For as long as we can remember, Nike has been rooting for athletes to find inspiration and purpose in what they do. One way the brand has integrated this messaging into its marketing strategy is by targeting communities and building on its identity. Recently, the brand announced the launch of its 'Sport is Never Done' campaign, Communicate spoke with Mohamed Bodiat, Senior Vice President Brands, Sports from GMG, Nike’s official distributor in the Middle East to discuss the campaign's ripple effect in the region and how it helps Nike drive growth.
A couple of months ago, a short film featuring kids in the Middle East challenging the many misconceptions to play different sports took social media by storm. The film was an extension of Nike’s ‘Sport is Never Done’ campaign – the film explored the relationship that kids enjoy with sport and addresses popular parental misconceptions about physical activity especially localized to the Middle East.
Communicate discusses the campaign's reach and strategy ahead with Mohamed Bodiat, Senior Vice President Brands, Sports from GMG, Nike’s official distributor in the Middle East. Bodiat also sheds light on consumer behaviors that the campaign targeted.
Who is the campaign specifically targeted to?
The “sport is never done” campaign speaks to the parents of the next generation of athletes. At Nike, we consider anyone who has a body to be an athlete and envisions the future of sports to be creative, inclusive, and unlimited in possibilities. By joining forces with parents, our aim is to empower kids to be active participants in shaping the future now rather than later when they are adults.
Were there any consumer behaviors that inspired the campaign?
Of course. If we want to inspire positive change that caters to the next generation of athletes’ needs, it is essential to start by listening to them.
Children today have a perspective on their world and a relationship to sports that’s unlike any previous generation. We have to learn and understand more about the emotional and physical barriers that kids today face – in sports and in life, from them directly. “Sport is never done” was all about lending kids our voice, and providing a platform for positive change, by involving parents.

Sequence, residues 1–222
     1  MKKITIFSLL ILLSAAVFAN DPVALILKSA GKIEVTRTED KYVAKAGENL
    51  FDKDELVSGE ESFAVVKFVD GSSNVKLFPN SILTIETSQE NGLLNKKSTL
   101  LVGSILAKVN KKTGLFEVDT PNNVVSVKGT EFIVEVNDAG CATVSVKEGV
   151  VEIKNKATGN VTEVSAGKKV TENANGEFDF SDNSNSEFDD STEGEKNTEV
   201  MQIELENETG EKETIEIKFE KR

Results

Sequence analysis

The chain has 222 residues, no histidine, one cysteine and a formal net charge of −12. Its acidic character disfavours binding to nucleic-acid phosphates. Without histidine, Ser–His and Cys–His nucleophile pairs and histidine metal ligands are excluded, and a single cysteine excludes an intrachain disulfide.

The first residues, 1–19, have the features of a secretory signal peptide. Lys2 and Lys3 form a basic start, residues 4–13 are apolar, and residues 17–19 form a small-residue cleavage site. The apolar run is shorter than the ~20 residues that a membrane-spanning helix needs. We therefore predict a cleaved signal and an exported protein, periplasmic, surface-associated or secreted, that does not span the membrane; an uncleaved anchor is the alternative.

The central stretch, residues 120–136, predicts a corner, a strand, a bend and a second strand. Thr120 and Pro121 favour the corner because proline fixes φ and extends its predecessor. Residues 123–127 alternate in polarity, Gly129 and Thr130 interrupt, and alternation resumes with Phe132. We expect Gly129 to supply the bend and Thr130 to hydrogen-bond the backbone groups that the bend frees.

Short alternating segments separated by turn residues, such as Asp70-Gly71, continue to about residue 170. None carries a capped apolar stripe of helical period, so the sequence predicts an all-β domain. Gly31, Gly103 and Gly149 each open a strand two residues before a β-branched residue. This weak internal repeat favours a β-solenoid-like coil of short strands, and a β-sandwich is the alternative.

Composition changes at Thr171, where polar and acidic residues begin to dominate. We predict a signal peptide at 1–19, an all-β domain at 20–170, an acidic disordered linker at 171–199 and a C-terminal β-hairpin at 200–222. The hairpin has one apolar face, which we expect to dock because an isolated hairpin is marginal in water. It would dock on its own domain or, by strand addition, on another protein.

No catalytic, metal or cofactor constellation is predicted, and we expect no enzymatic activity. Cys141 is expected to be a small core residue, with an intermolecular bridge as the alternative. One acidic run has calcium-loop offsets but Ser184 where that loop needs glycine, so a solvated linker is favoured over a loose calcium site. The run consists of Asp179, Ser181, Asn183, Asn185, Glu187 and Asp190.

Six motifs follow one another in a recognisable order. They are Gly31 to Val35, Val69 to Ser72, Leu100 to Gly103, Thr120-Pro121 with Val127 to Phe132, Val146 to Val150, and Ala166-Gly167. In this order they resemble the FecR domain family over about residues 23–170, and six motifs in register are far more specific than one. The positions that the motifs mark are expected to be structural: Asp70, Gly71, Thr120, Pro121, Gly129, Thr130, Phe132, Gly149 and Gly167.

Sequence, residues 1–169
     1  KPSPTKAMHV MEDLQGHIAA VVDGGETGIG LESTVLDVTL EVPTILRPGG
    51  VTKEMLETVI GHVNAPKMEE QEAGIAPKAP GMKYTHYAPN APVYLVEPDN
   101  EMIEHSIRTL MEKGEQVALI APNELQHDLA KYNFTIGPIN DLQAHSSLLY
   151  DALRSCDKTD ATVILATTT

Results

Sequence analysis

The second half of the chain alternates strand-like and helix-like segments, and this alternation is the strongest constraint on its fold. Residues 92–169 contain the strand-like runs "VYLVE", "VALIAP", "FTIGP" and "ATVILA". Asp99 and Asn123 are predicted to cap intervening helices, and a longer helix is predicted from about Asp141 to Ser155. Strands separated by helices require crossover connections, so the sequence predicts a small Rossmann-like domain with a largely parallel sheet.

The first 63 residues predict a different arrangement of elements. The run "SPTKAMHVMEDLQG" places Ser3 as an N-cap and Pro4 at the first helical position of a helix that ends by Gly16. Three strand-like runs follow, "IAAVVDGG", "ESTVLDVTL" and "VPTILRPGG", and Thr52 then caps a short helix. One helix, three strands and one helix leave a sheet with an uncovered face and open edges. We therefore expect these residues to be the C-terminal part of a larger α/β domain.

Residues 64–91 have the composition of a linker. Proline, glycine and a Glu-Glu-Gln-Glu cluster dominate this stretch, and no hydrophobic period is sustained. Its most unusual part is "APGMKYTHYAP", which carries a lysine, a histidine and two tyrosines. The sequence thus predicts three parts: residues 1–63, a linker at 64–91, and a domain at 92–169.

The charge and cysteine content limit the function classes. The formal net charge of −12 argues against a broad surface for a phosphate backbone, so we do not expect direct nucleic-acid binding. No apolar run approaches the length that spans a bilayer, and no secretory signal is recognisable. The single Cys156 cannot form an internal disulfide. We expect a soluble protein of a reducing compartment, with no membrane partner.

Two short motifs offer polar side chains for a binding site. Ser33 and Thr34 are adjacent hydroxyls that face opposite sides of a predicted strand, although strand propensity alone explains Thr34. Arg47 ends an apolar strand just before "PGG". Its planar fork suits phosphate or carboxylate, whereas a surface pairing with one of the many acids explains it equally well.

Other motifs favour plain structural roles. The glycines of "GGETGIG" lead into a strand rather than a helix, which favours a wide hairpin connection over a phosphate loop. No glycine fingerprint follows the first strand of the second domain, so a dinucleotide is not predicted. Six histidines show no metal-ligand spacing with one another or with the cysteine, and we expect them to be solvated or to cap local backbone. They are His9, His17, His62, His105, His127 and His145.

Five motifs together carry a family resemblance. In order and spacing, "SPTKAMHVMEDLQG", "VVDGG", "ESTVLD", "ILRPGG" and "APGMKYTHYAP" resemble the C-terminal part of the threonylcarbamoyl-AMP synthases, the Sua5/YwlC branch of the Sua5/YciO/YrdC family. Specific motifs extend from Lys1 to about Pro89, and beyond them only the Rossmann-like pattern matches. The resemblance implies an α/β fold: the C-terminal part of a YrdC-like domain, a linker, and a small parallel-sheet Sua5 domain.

What was the campaign's creative process like?
The main driver of the campaign is our belief in progress. We believe that in sports, it is not just about the finish line, but the journey toward it. That is progress, which is always possible in sports and in the world.
We’ve listened for a long time, and the more we did, the more we’ve learned about the opportunity we have as Nike to play a role in redefining sport for generations to come through initiatives such as “sport is never done.”
What is the marketing objective of the campaign?
We believe play is the gateway to the sport. In fact, we don’t do sports, we play sports. The ultimate objective of this campaign is to inspire every athlete to play more while highlighting to parents the important role they have in this journey. It was also to showcase the endless possibilities that children have when it comes to exploring and finding the ‘play’ that brings them the most happiness.
How has the region responded to the campaign?
The response to the campaign has been overwhelmingly positive within communities globally. In fact, the “Rise of the Kids” film, which was first revealed upon the launch of the campaign, has been watched over 21 million times to date. We’re pleased to see that the film has resonated so well in the Middle East.
The film is an imaginative vision of sport through the lens of kids in the Middle East and explores the relationship that kids enjoy with sports, addressing popular parental misconceptions about physical activity.
What's next on the strategy for the campaign?
As part of the "sport is never done” campaign, we’ve recently partnered with YouGov to conduct a survey with parents in the United Arab Emirates and the Kingdom of Saudi Arabia to get better a better understanding of the perceived benefits of kids playing sports. The survey showed that 79% and 62% of parents in the two markets respectively thought that the main benefit of having their children participate in sports was for physical fitness and/or development.
This finding amongst others helped outline additional areas we would like to shed light on, including the many transferable skills kids can learn from playing sports, beyond physical fitness.
Progress is possible, and our journey to inspiring positive change continues.